Seattle did whatever it took to win this one, and it took a bizarre call on the game's final play to earn a victory that will go down in Seahawks lore.
The Seahawks didn’t need an offense. They needed a miracle.
On the final play of the game, a team sputtering and spewing to score points turned to its smallest wide receiver for the biggest play. And Golden Tate caught it, or co-caught it. By the grace of replacement refs, the Seahawks won on a Hail Mary. The Green Bay Packers might consider it a Fail Mary, but as they say in football, simultaneous possession goes to the receiver.
That is what they say, isn’t it?
In Seattle, people will feel conflicted. But the ultimate sentiment should go something like this:
- WSU study: 'Exploding head syndrome' more common than once thought
- McMorris Rodgers should ask hometown folks about Obamacare
- Oregon Zoo elephant Rama euthanized; loved to paint
- Seattle congestion: We're No. 5
- Ivar's to raise restaurant workers' wages to $15 right away
Most Read Stories
Pronounce that however you’d like.
The Seahawks claimed the signature regular-season victory of the Pete Carroll era on Monday Night Football, even though it ended with a controversial call made by temp officials. No doubt, this game provides the greatest fodder for the argument that the impasse with the league’s real refs should end now.
“It’s awful,” Green Bay quarterback Aaron Rodgers said. “That’s all I’m going to say about that.”
At the end, facing a fourth-down play from the 24-yard line, Seahawks quarterback Russell Wilson lofted a jump ball to the end zone. Tate sprinted to the ball, pushed a defender and jumped into a crowd. Green Bay safety M.D. Jennings leapt and grabbed the ball first, but on the way down, Tate managed to get his hands on the ball, too. Both players fell to the ground, a pileup ensued, but when it cleared, Tate emerged with the football and the game-winning touchdown in a 14-12 victory.
The ruling: “Simultaneous possession,” according to referee Wayne Elliott. The Seahawks rushed onto the field to celebrate. The Packers looked on in disbelief. After a review that upheld the call and a strange delay, the teams left the field, but they were asked to return for the extra-point try.
Who knew The Formula, Carroll’s old-fashioned, ground-and-pound winning equation, included pixie dust, the benefit of the doubt and one incredible effort on a desperate heave?
“It was the most exciting ending I’ve ever had in a game,” Seahawks tight end Zach Miller said. “This is the most memorable ending I’ve ever been a part of at any level.”
It will go down in history and infamy. But the Seahawks don’t need to apologize for being fortunate. Tate didn’t give up on the play, and he forced the officials to make a call.
“Thankfully, I came down with it,” said Tate, who is 5 feet 10. “I was just trying to keep possession of the ball. The guy who was fighting me (Jennings) was strong.”
While surrounded by reporters in the locker room, Tate said he snagged the ball first, but when told that replay showed Jennings had it before him, Tate replied: “Maybe he did, but I took it from him.”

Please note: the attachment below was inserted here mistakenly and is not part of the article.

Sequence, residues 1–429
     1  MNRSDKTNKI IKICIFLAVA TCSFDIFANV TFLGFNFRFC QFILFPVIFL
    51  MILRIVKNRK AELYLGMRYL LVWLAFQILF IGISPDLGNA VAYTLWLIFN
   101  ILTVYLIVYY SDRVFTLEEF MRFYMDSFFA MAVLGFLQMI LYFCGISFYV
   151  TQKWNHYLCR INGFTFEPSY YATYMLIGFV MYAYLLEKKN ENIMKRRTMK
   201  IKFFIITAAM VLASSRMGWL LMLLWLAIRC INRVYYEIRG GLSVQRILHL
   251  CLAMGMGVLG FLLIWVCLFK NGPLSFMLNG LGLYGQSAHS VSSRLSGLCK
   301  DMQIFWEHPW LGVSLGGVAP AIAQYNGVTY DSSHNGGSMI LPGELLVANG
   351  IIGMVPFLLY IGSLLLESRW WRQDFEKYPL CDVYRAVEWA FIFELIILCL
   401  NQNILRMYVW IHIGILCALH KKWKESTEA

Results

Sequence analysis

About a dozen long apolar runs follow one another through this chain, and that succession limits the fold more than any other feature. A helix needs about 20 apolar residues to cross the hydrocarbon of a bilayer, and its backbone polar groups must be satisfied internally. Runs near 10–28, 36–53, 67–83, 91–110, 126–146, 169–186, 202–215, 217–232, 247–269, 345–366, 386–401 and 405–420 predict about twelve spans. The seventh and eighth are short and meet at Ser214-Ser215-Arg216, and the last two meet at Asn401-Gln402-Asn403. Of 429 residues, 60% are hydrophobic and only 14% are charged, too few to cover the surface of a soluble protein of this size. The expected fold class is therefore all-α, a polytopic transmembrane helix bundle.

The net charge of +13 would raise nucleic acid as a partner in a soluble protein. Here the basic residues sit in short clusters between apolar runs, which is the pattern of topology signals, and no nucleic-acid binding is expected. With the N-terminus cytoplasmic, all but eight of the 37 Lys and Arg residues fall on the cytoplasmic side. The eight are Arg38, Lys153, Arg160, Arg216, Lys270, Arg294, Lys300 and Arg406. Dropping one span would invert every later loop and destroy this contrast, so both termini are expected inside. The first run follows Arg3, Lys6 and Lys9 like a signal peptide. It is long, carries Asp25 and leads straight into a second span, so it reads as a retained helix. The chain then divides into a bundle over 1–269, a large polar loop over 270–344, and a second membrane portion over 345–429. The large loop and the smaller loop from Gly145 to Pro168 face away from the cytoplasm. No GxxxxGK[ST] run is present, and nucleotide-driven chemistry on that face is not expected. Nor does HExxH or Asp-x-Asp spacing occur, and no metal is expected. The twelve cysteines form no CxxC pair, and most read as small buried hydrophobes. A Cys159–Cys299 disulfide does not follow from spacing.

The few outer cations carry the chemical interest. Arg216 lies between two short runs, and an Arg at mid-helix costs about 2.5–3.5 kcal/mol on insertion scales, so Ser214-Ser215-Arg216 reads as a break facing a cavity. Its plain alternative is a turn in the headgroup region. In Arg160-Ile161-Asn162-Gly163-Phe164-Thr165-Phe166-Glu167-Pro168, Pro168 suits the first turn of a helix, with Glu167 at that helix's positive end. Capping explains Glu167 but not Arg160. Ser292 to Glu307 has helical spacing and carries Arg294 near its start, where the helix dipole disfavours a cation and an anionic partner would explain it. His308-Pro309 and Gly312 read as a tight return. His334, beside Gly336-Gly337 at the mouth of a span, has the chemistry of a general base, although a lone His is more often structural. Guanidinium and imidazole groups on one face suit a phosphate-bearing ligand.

After the game, Tate had the football in question tucked away in the right corner of his locker. He grabbed it and smiled wide.
“This is going to my mother,” Tate said. “Today’s her birthday.”
In a game burdened by 24 penalties and several questionable calls, the dramatic victory helped the Seahawks avoid wasting a stellar defensive effort. It was as splendid a performance as you’ll see, especially in the first half. The Seahawks sacked Rodgers a ridiculous eight times, including four by Chris Clemons. They limited the Packers’ offense, which may very well be from outer space, to 87 yards before halftime. Seattle led 7-0.
The Packers scored 12 straight points in the second half — on two field goals and a touchdown — as the Seahawks offense failed to move the ball.
It felt like an indictment of the Seahawks’ lack of a passing game. You knew Rodgers would figure out a way to score points. The Packers only managed 12, but it seemed like it would be enough against the league’s worst passing offense.
And on the Seahawks’ second-to-last possession, when Tate interfered with what seemed like a sure touchdown pass to Sidney Rice, the mood at CenturyLink Field turned somber.
But the defense gave the Seahawks the ball back with 46 seconds remaining. Wilson exclaimed on the sidelines, “Don’t give up.” The quarterback, who completed only 10 of 21 passes for 130 yards, connected with Rice on a 22-yard completion to set up the miracle.
Tate delivered. And on a play that truly could’ve gone either way, the replacement refs did the Seahawks a solid.
“Golden knocked down a touchdown pass to me so he could go win the game,” Rice joked. “That’s exactly what he did.”
A signature win is a signature win.
“We’ll do whatever it takes to win,” Wilson said. “It doesn’t matter.”
Once the Seahawks are done celebrating, they should throw away this script, though. There are less chaotic ways to make a statement.
Jerry Brewer: 206-464-2277 or firstname.lastname@example.org. On Twitter @JerryBrewer.